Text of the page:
By Kylie Mohr
Jackson Hole News&Guide
Via Wyoming News Exchange
JACKSON — School officials are investigating a recently surfaced Instagram account that posted videos of students fighting and encouraged others to send in footage.
Jackson Hole High School’s school resource law enforcement officer and staff members trained in restorative justice are digging into the matter. They learned of the page before a News&Guide inquiry last week. The page disappeared overnight Feb. 13 to 14. School officials alerted parents Tuesday in an email about a sexual assault “game” in Casper.
“Any incident that happens in our community that spills into teaching and learning in our school is part of what the school has to deal with,” Assistant Principal Dan Abraham said. “When a kid is in class, they need to be able to focus on learning and not what someone else in another room is mad about or thinking about. Or seeing them in the hallway and stressing out about that. There’s enough stressors to make high school hard enough as is, so ignoring those things is not helpful.”
He hopes the high school can “try to repair relationships and make sure kids can be in the same building together.” The school district tries to encourage kindness, respect, conflict resolution, positive peer interactions and more in students from kindergarten through 12th grade by using social emotional curriculum.
“Fighting is not part of the culture of our high school or of our school district,” Abraham said.
Even if students are suspended or expelled as a result of the investigation, the school district won’t share that information. Disciplinary actions in a student’s educational record are confidential and protected under the Family Educational Rights and Privacy Act, or FERPA.
“I’m not going to release any information about individual students, groups of students or consequences that are applied to them or anything along those lines,” Abraham said.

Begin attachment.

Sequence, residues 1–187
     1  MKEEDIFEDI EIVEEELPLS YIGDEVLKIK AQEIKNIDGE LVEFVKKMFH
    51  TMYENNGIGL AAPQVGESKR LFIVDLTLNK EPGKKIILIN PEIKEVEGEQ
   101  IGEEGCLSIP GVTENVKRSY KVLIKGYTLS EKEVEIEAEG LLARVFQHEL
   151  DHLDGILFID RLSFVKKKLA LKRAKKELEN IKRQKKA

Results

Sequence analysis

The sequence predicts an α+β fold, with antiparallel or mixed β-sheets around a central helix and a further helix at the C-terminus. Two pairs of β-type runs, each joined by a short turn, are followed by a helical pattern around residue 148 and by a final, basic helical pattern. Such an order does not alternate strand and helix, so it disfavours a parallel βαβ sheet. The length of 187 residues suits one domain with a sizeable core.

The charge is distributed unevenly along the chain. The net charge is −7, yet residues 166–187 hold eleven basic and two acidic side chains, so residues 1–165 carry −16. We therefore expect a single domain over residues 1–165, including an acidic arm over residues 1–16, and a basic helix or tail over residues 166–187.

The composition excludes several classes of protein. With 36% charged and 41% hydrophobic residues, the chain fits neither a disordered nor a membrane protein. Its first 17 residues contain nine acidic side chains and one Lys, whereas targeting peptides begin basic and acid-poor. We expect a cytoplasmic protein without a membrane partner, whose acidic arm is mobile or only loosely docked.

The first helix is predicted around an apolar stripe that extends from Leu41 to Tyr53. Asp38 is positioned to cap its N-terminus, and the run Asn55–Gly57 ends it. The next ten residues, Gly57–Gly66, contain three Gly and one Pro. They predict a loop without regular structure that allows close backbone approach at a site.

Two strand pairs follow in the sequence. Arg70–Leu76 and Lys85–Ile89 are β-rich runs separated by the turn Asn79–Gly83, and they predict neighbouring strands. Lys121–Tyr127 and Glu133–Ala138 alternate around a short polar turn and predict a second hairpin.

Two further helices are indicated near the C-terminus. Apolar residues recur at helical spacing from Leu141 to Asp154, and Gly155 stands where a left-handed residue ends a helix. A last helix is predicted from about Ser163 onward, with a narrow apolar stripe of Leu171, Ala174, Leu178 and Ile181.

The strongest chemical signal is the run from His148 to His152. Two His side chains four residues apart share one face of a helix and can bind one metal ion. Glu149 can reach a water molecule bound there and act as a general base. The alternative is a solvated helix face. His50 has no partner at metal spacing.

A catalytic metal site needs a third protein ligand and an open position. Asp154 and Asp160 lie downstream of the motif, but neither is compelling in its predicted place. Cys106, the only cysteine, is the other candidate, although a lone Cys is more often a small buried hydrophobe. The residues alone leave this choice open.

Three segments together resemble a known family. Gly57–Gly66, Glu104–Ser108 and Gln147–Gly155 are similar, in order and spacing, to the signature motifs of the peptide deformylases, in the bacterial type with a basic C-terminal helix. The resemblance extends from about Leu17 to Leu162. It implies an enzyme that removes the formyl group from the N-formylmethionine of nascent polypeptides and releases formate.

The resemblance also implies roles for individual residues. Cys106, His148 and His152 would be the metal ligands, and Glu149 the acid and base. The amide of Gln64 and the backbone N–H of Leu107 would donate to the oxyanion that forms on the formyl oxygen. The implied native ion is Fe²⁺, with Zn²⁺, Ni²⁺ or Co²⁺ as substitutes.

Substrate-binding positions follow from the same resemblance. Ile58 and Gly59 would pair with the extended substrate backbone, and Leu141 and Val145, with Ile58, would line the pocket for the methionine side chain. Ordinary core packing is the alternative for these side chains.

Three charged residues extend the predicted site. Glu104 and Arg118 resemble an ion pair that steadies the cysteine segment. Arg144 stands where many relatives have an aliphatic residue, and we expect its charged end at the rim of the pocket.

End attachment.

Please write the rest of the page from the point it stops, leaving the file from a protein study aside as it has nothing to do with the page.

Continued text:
Called “jhhs_fights,” the page’s description was accompanied by a picture of Jackson Hole High School principal Scott Crisp. Abraham described the use of the photo as “borderline slanderous and not OK.”
The page’s name was changed to “jhhs_arm_wrestles” the evening of Feb. 13 with a different photo before being deleted entirely shortly thereafter. The school district is still working on determining who the creator of the account is and doesn’t know if that person or Instagram took down the page.
As of that night, the account had almost 720 followers and had posted three times, with the first on Feb. 6. One video had been seen over a thousand times.
Reports of conflict would be investigated, video or no video, Abraham said. Physical violence and fighting on school grounds, as well as provoking other students to do so, isn’t allowed. But simply creating the page may not be punishable by the school district or the platform if its rules for content are followed.
“A student’s freedom of speech would allow them to make any social media accounts they want,” Abraham said.
The school district said the goal isn’t to focus on punishment.